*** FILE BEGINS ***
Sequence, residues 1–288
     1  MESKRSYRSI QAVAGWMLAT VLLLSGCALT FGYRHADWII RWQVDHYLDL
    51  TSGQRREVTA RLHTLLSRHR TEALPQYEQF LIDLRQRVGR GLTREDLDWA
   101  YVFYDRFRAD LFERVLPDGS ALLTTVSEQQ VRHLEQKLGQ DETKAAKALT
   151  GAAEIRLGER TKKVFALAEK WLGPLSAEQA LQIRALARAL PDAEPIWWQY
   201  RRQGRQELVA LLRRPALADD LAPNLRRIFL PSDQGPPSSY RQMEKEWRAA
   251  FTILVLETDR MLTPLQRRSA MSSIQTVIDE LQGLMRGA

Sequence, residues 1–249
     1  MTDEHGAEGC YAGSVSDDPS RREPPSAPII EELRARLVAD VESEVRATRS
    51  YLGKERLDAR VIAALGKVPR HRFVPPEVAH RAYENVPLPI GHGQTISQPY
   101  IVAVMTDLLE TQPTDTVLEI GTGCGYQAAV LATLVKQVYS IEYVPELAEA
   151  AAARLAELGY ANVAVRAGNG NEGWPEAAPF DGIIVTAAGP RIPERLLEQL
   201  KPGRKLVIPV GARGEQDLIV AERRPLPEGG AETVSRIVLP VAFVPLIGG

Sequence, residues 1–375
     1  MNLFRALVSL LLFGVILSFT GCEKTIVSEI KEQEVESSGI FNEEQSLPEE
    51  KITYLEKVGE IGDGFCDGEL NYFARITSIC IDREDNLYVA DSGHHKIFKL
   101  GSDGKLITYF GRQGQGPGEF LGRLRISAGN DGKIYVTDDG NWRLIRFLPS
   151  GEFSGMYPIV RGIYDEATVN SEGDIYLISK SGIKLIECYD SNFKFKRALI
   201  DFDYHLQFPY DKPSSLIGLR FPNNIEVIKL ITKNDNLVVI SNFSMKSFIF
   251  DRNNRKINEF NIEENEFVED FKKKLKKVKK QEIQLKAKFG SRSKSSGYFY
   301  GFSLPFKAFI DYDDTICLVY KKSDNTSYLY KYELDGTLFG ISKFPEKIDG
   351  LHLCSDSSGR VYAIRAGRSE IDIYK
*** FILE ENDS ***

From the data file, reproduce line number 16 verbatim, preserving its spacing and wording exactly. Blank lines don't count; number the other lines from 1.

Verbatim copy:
    51  KITYLEKVGE IGDGFCDGEL NYFARITSIC IDREDNLYVA DSGHHKIFKL